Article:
gyrA mutations and phenotypic susceptibility levels to ofloxacin and moxifloxacin in clinical isolates of Mycobacterium tuberculosis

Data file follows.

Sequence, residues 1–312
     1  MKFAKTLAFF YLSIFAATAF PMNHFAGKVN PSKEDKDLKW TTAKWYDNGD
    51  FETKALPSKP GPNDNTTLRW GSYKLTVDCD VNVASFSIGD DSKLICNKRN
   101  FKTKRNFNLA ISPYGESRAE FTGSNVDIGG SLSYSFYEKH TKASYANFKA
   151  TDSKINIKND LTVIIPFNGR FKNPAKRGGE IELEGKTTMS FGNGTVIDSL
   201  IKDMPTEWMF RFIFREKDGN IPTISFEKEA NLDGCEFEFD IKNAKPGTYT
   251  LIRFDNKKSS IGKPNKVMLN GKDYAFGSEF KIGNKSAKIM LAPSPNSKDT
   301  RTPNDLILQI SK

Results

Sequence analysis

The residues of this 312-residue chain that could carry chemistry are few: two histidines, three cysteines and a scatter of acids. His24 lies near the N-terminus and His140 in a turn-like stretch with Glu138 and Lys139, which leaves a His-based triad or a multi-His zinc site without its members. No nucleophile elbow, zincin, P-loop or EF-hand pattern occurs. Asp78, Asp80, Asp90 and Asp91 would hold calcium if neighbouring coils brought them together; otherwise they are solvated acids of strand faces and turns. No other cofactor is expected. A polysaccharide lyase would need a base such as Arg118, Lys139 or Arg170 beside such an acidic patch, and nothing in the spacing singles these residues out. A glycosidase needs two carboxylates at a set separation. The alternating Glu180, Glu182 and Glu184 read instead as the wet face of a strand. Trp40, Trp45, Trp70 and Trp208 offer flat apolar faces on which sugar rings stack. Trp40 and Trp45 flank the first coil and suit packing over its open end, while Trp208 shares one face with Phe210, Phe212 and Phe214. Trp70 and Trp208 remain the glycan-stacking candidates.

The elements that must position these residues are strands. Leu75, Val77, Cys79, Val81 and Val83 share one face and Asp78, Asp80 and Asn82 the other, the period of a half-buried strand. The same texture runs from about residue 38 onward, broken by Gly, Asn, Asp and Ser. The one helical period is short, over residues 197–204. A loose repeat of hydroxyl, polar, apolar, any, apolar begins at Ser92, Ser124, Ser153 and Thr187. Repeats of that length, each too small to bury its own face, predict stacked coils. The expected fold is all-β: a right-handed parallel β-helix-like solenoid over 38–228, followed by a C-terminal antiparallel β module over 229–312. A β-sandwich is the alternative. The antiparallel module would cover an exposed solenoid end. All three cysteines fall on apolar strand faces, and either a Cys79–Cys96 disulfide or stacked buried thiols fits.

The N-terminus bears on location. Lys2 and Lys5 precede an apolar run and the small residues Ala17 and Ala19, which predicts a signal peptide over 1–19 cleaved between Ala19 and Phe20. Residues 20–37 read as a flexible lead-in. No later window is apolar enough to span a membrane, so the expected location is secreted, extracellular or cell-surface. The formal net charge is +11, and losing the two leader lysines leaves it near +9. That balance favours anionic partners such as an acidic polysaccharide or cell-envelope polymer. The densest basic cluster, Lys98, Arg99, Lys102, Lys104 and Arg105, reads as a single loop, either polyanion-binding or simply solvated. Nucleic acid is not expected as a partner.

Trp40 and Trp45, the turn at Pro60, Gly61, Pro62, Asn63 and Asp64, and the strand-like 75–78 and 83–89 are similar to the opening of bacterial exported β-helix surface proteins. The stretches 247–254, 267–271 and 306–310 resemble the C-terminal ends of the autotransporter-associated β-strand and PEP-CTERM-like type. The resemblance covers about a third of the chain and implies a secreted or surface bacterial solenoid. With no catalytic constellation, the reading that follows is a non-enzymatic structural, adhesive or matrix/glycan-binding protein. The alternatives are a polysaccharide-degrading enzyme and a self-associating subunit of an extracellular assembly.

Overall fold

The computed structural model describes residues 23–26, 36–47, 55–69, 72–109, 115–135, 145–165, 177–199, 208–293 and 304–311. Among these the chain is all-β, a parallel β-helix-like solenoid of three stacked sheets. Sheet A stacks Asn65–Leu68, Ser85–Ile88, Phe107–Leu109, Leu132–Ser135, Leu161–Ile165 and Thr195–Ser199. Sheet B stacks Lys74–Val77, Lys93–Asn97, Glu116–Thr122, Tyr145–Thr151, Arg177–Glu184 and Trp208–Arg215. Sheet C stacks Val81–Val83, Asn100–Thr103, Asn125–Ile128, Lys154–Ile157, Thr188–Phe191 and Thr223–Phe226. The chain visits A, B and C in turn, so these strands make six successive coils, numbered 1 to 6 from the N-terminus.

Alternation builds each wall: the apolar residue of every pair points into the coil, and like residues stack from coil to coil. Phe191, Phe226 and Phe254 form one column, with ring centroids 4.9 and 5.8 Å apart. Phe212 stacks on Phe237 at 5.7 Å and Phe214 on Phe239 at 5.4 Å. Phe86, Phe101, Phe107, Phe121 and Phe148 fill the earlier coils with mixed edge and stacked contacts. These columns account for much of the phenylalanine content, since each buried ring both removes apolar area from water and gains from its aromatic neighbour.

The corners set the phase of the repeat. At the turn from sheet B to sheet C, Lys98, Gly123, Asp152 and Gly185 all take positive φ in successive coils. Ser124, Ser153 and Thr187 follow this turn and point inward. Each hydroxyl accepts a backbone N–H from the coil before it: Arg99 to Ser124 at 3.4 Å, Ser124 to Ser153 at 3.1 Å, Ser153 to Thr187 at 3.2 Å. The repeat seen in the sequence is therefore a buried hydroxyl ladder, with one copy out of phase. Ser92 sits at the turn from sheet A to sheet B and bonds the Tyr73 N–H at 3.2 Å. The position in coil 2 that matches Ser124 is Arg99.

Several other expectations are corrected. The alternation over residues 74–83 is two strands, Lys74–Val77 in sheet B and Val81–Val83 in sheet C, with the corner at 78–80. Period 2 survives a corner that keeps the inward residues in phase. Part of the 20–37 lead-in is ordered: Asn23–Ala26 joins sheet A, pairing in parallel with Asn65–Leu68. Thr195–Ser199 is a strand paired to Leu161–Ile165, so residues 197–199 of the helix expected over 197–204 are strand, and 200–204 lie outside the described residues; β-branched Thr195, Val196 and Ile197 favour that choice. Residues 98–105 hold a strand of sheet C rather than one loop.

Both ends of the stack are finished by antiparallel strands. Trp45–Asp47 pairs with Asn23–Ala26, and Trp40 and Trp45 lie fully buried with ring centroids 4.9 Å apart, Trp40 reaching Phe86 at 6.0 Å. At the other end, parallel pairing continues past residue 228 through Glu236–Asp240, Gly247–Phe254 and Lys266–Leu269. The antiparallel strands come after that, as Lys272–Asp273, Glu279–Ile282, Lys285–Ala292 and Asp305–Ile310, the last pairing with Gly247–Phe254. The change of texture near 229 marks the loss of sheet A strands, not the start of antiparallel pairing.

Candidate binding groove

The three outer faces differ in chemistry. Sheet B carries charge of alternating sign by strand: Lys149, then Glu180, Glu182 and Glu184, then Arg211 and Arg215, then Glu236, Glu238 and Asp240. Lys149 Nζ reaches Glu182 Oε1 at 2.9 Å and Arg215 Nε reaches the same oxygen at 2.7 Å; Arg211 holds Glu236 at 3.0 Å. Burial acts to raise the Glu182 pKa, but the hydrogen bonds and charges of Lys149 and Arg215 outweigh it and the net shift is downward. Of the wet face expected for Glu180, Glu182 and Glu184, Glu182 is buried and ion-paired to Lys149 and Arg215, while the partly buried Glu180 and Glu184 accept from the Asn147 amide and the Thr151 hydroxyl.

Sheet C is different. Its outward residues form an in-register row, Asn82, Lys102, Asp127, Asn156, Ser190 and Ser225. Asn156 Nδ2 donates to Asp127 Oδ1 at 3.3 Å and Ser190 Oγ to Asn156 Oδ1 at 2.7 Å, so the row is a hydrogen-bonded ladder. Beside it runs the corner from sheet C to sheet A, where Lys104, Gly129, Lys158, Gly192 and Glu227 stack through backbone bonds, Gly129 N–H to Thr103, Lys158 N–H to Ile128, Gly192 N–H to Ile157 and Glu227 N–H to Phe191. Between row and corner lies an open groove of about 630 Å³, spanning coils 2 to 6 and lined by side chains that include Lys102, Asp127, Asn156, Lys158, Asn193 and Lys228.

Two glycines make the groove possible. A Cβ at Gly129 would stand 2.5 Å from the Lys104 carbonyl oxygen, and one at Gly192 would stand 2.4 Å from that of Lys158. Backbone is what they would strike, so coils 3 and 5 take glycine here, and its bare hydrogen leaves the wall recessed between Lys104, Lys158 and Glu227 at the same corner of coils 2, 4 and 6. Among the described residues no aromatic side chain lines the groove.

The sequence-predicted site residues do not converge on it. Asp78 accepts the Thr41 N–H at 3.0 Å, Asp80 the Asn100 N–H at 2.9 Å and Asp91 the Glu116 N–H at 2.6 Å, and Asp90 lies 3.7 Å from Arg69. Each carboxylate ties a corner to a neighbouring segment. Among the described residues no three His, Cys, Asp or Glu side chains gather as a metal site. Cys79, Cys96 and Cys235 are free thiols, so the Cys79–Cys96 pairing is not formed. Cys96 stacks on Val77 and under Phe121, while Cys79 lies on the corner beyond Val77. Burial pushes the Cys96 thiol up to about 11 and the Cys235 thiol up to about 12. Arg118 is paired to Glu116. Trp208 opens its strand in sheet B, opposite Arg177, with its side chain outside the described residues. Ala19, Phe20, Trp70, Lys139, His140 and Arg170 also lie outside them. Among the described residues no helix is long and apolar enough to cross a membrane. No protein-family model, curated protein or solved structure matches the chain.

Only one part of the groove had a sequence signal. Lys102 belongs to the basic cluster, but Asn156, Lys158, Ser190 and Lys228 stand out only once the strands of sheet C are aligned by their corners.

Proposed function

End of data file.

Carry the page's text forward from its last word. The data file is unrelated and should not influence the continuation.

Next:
Objectives: To compare mutations in the quinolone resistance-determining region of the gyrA gene and flanking sequences with the MICs of ofloxacin and moxifloxacin for Mycobacterium tuberculosis. Methods: The presence of mutations in 177 drug-resistant M. tuberculosis isolates was determined by DNA sequencing and the MICs quantified by MGIT 960. Results: Single nucleotide polymorphisms were detected at codons 94 (n = 30), 90 (n = 12), 91 (n = 3), 89 (n = 1), 88 (n = 1) and 80 (n = 1). Four isolates with double mutations D94G plus A90V (n = 2) and D94G plus D94N (n = 2) reflect mixed populations. Agreement between genotypic and phenotypic susceptibility was high (≥97%) for both drugs. Mutant isolates had an MIC 50 of 8.0 mg/L and an MIC 90 of >10 mg/L for ofloxacin compared with an MIC 50 and MIC 90 of 2.0 mg/L for moxifloxacin. Codons 94 and 88 were linked to higher levels of fluoroquinolone resistance compared with codons 90, 91 and 89. The MIC distributions for the wild-type isolates ranged from ≤0.5 to 2.0 mg/L for ofloxacin and from ≤0.125 to 0.25 mg/L for moxifloxacin. However, 96% of the isolates with genetic alterations had MICs ≤2.0 mg/L for moxifloxacin, which is within its achievable serum levels. Conclusions: This study provides quantitative evidence that the addition of moxifloxacin to extensively drug-resistant tuberculosis (XDR-TB) regimens based on a clinical breakpoint of 2.0 mg/L has merit. The use of moxifloxacin in the treatment of multidrug-resistant tuberculosis may prevent the acquisition of additional mutations and development of XDR-TB. © The Author 2012. Published by Oxford University Press on behalf of the British Society for Antimicrobial Chemotherapy. All rights reserved.